By Michael E. Miller
By Allie Conti
By David Villano
By Jose D. Duran
By Michael E. Miller
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By Kyle Swenson
By Luther Campbell
Imagine Biscayne National Park in 2019. Dozens of planes from an airport at the former Homestead Air Force Base rumble overhead each day. On weekends an ever-growing flotilla of fishing boats, Jet Skis, and racing craft whine and roar through the emerald-green water. Festive music blares and partiers shout.
This week South Floridians will have the opportunity to voice their opinions on such a potential cacophony. In what promises to be a contentious meeting, park authorities have called for public comment on the future "soundscape" of the park's more than 180,000 acres, 95 percent of which are underwater. The debate will likely influence plans to manage sound in parks across the nation, Department of Interior officials say.
"If you think about it logically, sound is as much a part of the natural resource and the visitor experience ... as how [the park] looks," says Richard Frost, Biscayne National Park superintendent. The park's soundscape should be managed just like its landscape, he argues.
Frost denies he wants to curb activity, at least in the near future. Rather he only wants to know which sounds (like those from birds, boats, and wind) are important to the land- and seascape.
But he also admits the hearings are meant to affect the debate on the proposed commercial airport near Homestead. By limiting airplane noise in the soundscape, park officials hope to influence a federal environmental study that will determine the aviation facility's fate.
In 1996 the county commission approved a no-bid proposal by an influential group of builders calling themselves the Homestead Air Base Developers, Inc. (HABDI) to construct a commercial airport. Environmentalists complained the planned facility would be dangerously close to Biscayne and Everglades national parks. (It's two and ten miles away, respectively.)
Although construction at first appeared a sure thing, activists in 1997 forced authorities to conduct a supplemental environmental-impact study (SEIS) of HABDI's proposal. That plan will also explore other alternatives for the base. Air force officials will consider the study in deciding whether to deed the former base to the county.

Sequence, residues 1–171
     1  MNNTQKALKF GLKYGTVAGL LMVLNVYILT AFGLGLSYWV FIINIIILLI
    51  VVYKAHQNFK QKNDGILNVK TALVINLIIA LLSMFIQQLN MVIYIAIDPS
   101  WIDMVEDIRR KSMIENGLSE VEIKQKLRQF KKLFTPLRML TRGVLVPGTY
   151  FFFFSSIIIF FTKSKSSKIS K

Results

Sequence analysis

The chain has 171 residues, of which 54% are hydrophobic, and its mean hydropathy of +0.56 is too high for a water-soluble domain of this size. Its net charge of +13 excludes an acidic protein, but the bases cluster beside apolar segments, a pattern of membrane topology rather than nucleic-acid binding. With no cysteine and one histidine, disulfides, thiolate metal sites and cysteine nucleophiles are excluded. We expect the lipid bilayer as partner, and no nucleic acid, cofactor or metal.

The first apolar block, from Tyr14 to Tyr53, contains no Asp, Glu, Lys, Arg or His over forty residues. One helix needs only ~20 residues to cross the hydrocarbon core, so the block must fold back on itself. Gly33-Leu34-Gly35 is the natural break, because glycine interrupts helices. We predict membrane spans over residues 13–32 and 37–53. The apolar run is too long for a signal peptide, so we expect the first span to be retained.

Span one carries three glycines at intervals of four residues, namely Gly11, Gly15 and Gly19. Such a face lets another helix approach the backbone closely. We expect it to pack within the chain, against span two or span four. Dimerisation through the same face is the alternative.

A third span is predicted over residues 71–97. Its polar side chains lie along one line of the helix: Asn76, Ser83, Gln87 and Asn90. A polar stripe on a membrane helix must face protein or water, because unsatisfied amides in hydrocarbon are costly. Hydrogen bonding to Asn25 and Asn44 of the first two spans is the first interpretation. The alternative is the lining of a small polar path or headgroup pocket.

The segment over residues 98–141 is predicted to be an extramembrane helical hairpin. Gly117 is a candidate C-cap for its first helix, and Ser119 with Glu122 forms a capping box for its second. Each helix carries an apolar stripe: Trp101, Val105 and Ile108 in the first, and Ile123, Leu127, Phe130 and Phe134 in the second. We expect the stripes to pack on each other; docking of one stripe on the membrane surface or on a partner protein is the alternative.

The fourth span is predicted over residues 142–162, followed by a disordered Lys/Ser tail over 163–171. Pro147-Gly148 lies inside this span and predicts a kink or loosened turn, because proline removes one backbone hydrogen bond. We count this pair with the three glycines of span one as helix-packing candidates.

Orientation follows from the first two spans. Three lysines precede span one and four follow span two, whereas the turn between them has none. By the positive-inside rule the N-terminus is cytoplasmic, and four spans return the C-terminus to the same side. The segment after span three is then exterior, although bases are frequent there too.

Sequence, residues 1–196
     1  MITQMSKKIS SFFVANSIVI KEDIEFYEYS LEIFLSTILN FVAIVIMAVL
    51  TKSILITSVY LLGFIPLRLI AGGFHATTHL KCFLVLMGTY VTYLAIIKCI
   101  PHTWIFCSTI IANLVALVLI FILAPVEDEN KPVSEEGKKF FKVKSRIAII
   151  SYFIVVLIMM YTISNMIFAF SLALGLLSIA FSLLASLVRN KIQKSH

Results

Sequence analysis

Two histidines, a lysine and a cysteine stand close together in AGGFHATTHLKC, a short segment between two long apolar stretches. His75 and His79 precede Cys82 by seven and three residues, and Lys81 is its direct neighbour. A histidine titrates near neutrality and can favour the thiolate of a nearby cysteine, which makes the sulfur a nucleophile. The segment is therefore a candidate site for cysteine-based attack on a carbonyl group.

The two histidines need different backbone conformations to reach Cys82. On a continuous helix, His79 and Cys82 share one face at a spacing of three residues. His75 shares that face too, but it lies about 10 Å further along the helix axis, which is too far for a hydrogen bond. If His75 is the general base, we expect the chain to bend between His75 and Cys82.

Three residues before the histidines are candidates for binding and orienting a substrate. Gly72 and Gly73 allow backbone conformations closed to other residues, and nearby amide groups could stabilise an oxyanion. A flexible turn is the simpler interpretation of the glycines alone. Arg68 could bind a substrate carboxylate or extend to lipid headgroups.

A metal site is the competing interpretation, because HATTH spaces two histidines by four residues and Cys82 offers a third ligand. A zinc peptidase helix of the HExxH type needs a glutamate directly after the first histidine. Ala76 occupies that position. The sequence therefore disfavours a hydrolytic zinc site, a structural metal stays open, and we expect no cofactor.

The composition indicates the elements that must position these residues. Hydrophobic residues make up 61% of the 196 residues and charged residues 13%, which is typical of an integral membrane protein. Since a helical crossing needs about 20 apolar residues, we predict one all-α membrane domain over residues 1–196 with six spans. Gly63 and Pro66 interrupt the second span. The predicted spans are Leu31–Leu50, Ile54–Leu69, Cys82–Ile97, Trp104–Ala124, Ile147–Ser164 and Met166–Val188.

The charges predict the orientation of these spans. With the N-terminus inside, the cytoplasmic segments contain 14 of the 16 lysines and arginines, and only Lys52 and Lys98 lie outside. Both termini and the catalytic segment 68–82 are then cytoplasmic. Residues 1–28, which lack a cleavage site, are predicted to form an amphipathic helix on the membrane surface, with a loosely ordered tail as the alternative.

Frost hopes to complete a rough draft of the sound-management plan before federal authorities release the SEIS. (A draft SEIS is expected by late summer.)
Any attempt to manage sound is likely to rile both airport developers and boaters. HABDI representatives point out that planes were flying over the area before the federal government designated it a national monument in 1968. (It was made a full park in 1980.) They dismiss the soundscape hearings as a tactic to halt an airport they believe is necessary for Miami-Dade County's growth.
"Is it Americans' inalienable right to have a quiet nature experience?" questions HABDI spokesman Miguel DeGrandy, a lawyer and former state representative. "Well, then you shouldn't put a national park in an urban environment."
Some boaters fear the plan and the restrictions that could result might limit their access to recreational areas. Fishing guide Adam Redford is wary of any attempt to curtail boat access. Such an effort would anger the very people who care most about the park, he contends. "[The park's] only constituency is boaters," he says. "It could destroy [federal authorities'] support in the local community."
Redford points out that Frost has already angered many in the area by refusing to renew the leases for seven elevated houses in Biscayne Bay. The homes are part of Stiltsville, a community that dates back more than sixty years. Stiltsville homeowners' leases expire July 1. (Although Frost is sympathetic, he says he has no choice but to follow park regulations.)
The superintendent stresses that facilitating boating activity is part of the park's mandate. "We are not going to take an area that is getting a lot of public use and decide that we are going to [stop boaters because they make too much noise]," he says.
When establishing the appropriate sound mix for each area of the park, authorities will have to consider boat noise, especially in heavily trafficked areas. But both Frost and environmentalists believe some activities might have to be controlled. "We are so close to urban Miami and we are getting increased numbers of visitors, so it is clear that the soundscape we have now is going to evolve on its own anyway," Frost says. (The park estimates that a little under 344,000 boaters visit per year.)
During two meetings scheduled for the afternoon and evening of May 13 at the park's Dante Fascell Visitor Center, the public will be invited to speak. Environmentalists welcome the opportunity.